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Heart Bleed Vulnerability

Dear May First/People Link Members,

A serious security vulnerability has been discovered in the most popular cryptography software on the Internet, affecting 2/3 of all web sites, including many May First/People Link members.

MF/PL's Support, Infrastructure and Data Sovereignty Team has been working hard to address the issue. Within 24 hours of the public announcement, we're proud to report that all servers have been upgraded (a handful of servers did not have their web server restarted until the morning of April 9).

Unfortunately, upgrading the server software is not enough. We strongly encourage all members to change the passwords you have used on May First/People Link servers.

In addition, if you are running a web site that uses https and you have created your own "ssl" key and purchased your own certificate, we will need your additional help to fully protect all services. Here's why:

During the period in which our servers were vulnerable it was possible for someone who can access your traffic to compromise the key that encrypts that traffic. If your key was compromised, then fixing the bug is not enough: you'll need to generate a new key and get a new x509 certificate.

Action Summary

What should I do?

  • All May First/People Link members are encouraged to change your passwords by going to this web site: https://members.mayfirst.org/changepass
  • Please be careful of phishing attacks! Please do not enter your password into any site that does not have the lock icon (or starts with https) and ends with mayfirst.org. You may receive emails over the next few weeks warning about this problem and encouraging you to enter your password on illegitimate web sites. Please carefully check the address of any site asking for your mayfirst.org password.
  • If you have a web site that uses https and you have purchased a certificate, please generate a new key and obtain a new certificate.

Questions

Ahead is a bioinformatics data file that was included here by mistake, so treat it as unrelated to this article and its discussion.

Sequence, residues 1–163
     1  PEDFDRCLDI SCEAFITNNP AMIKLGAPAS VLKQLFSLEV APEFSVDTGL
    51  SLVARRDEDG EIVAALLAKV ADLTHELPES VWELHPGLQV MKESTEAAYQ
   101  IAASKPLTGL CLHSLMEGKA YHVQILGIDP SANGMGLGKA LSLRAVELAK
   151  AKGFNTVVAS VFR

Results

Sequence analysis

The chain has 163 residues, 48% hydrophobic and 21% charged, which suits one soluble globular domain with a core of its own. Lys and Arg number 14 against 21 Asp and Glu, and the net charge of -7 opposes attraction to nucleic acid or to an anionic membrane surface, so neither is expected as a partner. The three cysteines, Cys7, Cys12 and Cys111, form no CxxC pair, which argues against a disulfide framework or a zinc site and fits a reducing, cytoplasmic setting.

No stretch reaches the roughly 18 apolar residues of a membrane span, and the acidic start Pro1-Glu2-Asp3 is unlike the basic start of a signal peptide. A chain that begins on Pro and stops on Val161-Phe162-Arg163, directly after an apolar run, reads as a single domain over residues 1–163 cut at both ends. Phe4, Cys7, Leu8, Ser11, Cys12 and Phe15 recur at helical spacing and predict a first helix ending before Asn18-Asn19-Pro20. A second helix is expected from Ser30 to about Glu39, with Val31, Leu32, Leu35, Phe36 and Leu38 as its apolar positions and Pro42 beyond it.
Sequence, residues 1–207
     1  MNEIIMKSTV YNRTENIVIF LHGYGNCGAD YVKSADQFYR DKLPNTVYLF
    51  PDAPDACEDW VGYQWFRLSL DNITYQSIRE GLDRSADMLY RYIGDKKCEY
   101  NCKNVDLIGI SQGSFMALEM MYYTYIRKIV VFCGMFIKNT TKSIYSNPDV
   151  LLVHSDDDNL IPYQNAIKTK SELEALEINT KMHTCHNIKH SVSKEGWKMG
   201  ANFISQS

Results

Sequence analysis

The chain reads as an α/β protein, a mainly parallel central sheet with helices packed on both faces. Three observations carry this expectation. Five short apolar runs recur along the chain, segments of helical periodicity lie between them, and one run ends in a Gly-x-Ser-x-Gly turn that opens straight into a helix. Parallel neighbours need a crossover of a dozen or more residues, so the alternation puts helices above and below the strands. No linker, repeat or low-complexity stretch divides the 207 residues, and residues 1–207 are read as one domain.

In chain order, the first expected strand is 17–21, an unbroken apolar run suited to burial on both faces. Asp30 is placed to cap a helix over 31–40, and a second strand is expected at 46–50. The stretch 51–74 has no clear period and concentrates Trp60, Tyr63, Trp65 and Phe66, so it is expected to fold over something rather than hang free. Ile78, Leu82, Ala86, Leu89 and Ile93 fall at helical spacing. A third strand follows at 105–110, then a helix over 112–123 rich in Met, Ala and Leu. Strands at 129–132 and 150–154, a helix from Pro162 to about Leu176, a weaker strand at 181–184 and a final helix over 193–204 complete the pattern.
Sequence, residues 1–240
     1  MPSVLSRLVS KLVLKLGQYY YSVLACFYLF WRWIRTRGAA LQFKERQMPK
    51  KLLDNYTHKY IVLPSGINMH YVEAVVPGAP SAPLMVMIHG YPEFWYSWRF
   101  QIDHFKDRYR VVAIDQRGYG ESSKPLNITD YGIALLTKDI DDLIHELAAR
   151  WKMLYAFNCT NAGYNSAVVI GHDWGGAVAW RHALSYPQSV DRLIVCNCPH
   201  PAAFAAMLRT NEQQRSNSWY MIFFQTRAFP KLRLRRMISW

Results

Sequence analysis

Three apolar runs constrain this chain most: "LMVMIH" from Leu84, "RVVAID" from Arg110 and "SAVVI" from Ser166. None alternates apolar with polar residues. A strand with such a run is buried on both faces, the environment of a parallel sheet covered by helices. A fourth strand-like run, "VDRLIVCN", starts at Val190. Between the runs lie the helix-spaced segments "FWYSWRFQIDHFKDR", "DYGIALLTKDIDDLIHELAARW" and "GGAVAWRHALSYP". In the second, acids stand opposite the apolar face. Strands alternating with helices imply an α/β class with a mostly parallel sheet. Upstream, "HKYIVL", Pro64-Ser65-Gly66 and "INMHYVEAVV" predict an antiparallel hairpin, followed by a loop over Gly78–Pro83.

How do I generate a new key?

Please visit our wiki page on generating keys and obtaining certificates.

How long were our servers vulnerable?

The vulnerability has been in existence for 2 years, however, most of our servers were vulnerable for a much shorter period. Seventy-six MF/PL servers were affected by this bug. A handful of them have been vulnerable for any where from 2 months to a year, about half have been vulnerable for 5 weeks, and the other half for less than a week.

Do I have to generate a new key?

We strongly recommend that you do. However, it's your choice and you may decide that it's not worth the effort. The vulnerability allowed an attacker to read the memory used by the web server. If nobody attempted to exploit the server your web site is running on during the period in which the server was vulnerable, then there is no reason to generate a new key or be worried about compromised data. On the other hand, if someone attempted to exploit any web site on your server (even if it's not your own web site), then your data may have been compromised. It is trivial to write a simple program to scan web sites for this vulnerability and it's likely that some people knew about the problem prior to it becoming public.

Additional Information and Notes

According to the web site heartbleed, openssl is the most popular encryption library. And, Arstechnica estimates it is used by 2/3 or all web sites.

For still more info:

Last modified 5 years ago Last modified on Apr 9, 2014, 12:13:07 PM